Muhlenberg County–famously serenaded in the classic John Prine song as the paradise that Mr. Peabody’s coal train hauled away–is dotted with former strip mine sites. It’s on one of these old mines that Cartwright and his father hunt. Scrubby trees and broom sage are the main cover. “If you take somebody from outside Kentucky and put them in the middle of it, they might think they were in Texas,” Cartwright says of his home county. As Kentucky’s Sept. 1 archery opener approached, they were getting trail cam photos of the buck right at dark nearly every day. They moved their stand to play the prevailing southwest wind, setting up in a scrubby pine near a swamp where the deer was bedding. On opening day, swirling winds from Hurricane Isaac made hunting tough, and Cartwright was winded by several deer. He didn’t hunt on Sunday because the wind was wrong. On Monday, Sept. 3, he finally got his first look at the remarkable buck he’d been watching on his trail cams since July.
“I got set early, clean as I could be, showered, scent killer, everything,” Cartwright says. “A few does came out and fed around and they never winded me. Then 15 minutes before dark, a little 4-pointer came out and he got 15 yards away and winds me. He starts blowing and my hopes kind of got down then. I sat down, facing away from where the deer were coming out of the swamp. Mosquitoes were buzzing me, and I was swatting them away when I looked up and saw the buck standing 18 yards away, broadside. He wasn’t paying any attention to me. I got stood up, got my bow and drew it back. As soon as I settled the pin behind his shoulder I knew it was 18 yards, because I had ranged the spot before. I shot, and I knew I hit him good. He ran back toward the swamp the way he came.” Less than a minute passed between the spot and the shot. “I’m thankful for that, because I would have been super nervous if I’d had to watch him come in,” Cartwright says. “After the shot, I was shaking, a nervous wreck.” He called his father, then recovered the arrow and started following the blood trail. He found the buck 125 yards away, tangled up in vines.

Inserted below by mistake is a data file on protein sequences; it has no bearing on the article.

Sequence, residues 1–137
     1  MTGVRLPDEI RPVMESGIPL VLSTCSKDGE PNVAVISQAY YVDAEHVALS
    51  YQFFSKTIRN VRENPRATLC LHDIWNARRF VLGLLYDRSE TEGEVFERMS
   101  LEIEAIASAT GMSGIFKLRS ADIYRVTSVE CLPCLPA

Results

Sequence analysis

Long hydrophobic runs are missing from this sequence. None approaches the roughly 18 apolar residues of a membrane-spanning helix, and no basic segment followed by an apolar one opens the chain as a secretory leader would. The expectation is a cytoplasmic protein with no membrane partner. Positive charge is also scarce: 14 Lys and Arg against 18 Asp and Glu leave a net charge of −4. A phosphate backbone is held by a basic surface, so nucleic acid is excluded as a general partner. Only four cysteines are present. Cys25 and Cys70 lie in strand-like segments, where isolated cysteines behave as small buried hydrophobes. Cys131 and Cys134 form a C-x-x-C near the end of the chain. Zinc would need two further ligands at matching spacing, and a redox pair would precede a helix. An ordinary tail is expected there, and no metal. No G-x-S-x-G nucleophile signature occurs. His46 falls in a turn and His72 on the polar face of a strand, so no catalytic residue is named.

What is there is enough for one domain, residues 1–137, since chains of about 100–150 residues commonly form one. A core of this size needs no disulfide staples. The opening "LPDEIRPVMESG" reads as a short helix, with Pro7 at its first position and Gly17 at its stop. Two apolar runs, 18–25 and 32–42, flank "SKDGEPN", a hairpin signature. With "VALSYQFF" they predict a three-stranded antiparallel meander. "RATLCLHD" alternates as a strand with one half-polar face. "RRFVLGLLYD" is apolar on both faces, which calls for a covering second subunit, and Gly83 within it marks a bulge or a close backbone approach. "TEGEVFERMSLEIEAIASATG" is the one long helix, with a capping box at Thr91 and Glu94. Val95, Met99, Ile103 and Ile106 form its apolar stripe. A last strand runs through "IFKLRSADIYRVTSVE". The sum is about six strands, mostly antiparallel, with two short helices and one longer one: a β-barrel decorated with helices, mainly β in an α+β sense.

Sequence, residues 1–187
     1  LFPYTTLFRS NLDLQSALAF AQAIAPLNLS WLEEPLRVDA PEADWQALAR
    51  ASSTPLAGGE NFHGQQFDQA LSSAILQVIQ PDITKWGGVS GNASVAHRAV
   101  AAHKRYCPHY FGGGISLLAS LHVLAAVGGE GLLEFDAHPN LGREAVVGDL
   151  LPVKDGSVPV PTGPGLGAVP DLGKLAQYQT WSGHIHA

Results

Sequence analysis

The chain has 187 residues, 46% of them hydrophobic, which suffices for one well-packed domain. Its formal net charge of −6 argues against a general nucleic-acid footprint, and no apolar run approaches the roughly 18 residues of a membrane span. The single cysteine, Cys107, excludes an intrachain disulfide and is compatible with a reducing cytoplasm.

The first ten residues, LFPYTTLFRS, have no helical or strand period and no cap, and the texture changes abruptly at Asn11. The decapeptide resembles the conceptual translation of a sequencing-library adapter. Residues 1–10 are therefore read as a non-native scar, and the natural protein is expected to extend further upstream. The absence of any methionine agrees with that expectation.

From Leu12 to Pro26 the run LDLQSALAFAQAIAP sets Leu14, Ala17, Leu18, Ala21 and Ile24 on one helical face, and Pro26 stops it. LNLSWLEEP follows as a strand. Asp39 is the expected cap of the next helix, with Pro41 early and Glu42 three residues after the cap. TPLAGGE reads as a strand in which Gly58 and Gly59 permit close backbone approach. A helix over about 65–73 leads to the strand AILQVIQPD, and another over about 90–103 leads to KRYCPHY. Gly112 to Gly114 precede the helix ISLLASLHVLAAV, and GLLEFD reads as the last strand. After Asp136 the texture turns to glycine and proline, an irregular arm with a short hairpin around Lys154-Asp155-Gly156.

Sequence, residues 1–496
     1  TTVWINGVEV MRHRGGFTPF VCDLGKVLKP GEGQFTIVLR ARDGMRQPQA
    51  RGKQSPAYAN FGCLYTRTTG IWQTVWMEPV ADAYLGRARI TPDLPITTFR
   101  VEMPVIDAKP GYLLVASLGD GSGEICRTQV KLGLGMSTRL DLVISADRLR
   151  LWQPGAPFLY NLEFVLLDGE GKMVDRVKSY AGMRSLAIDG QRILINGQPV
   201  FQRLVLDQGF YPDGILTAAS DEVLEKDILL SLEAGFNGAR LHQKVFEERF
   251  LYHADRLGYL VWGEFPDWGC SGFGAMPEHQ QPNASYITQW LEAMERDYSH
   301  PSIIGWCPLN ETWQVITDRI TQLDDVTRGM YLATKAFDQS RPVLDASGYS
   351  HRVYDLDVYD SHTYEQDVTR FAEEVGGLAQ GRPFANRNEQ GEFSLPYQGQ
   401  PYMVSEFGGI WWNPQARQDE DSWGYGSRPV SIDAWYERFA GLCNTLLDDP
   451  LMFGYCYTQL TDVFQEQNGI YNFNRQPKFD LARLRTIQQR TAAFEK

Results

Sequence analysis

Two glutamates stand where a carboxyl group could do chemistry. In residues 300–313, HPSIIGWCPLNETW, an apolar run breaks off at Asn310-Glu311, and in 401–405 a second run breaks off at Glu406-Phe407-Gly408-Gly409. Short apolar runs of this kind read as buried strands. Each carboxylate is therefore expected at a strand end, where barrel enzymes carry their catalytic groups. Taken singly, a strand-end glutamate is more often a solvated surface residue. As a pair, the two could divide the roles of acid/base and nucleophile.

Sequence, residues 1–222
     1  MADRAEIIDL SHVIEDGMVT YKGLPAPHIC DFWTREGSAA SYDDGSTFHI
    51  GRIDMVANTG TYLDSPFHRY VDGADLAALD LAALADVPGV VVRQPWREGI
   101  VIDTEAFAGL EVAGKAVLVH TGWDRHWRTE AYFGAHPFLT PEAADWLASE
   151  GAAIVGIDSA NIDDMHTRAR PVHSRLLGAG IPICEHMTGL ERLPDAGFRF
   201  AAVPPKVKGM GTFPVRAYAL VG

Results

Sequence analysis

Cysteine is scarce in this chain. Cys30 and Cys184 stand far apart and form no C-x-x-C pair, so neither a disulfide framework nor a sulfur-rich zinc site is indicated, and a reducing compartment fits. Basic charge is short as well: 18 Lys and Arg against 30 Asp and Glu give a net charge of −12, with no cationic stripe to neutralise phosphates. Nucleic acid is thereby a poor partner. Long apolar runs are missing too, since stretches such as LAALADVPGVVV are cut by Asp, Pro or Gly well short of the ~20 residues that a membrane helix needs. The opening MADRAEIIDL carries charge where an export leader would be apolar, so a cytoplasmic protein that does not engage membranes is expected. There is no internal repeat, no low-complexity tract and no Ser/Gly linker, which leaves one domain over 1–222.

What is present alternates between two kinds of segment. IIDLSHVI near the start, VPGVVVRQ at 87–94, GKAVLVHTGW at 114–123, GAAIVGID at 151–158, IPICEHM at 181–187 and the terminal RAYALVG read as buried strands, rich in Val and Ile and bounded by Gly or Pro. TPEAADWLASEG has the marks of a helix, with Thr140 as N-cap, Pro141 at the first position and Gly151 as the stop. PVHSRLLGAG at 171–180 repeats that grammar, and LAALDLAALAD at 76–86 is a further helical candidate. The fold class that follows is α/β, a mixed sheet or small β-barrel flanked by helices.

A close examination of the buck revealed entry and exit wound scars where it had been shot the year before. He also says rumors that the deer is a cactus buck are untrue. He believes the gunshot wound combined with the buck’s good genetics explains the crazy rack. “I feel like the deer would have been over 200 inches this year just based on all the junk he had last year,” says Cartwright, who estimated the buck carried about 10 sticker points in addition to his mainframe 10 points in 2011 as a 3 ½-year-old. “Some people who see the rack don’t think it has anything to do with the injury. But usually, when a deer gets injured, his rack on the opposite side turns down or messes up. Maybe because this deer’s body was in repair mode while it was growing its rack, maybe it produced more stuff in its skeletal system that made his rack grow more. That’s a theory I have. Some people disagree with it.”
Cartwright decided to get the buck scored by Buckmasters because their system–unlike Boone and Crockett–accepts velvet bucks. Scorer Steve Lucas tallied a final score of 283 5/8. It is the highest scoring irregular velvet buck ever taken with a compound bow in the Buckmasters record book, beating the previous record by nearly 40 inches. Amazingly, the buck turned out to have 50 scoreable points–just as Cartwright predicted when he first spotted the buck’s 2012 rack back in July. Scored as a mainframe 10, the rack’s inside spread is only 10 inches but the outside spread stretches to 20 inches. The rack doesn’t feature any drop tines, Cartwright says. “He’s got a whole bunch of stickers and what almost looks like extra main beams growing off just above his bases. The way I’d describe it is the rack looks like it has six main beams.” One tine stretches more than 11 inches, and another is 10 5/8. One G2 has five stickers, a couple over 4 inches long.
“When I told Dad it would have 50 points, I think I was just exaggerating a bit because I was so excited about the deer,” Cartwright says. “He didn’t have 50 points then, but he just kept growing. Then he turns out to actually have 50 points, and I thought that was just awesome.” Two years ago when I killed the 170 inch 19 pointer, people told me you’ll never kill another deer like that. It’s a once-in-a lifetime buck. Then two years later I kill a deer that score over 100 inches bigger. It’s a blessing.”
When 20-year-old Thad Cartwright of Browder, Ky., checked his trail cameras in July, he got a shock: The buck that had topped his hit list in 2011 as a 160-class mainframe 10–a buck he’d missed with his bow and then watched waste away after another hunter wounded it during the firearms season–was back. Not only did the deer survive, its distinctive narrow, towering rack had gone wild, sprouting a crazy-straw tangle of kickers and extra beams that was already pushing 200 inches by midsummer.
Calling his father to share the news, the University of Kentucky junior was moved to make a wild prediction. “I said, ‘Dad, I bet he’s going to have close to 50 points.'” Cartwright had no idea how right he was–or that the buck he now had a second chance to hunt would soon become a new Buckmasters world record.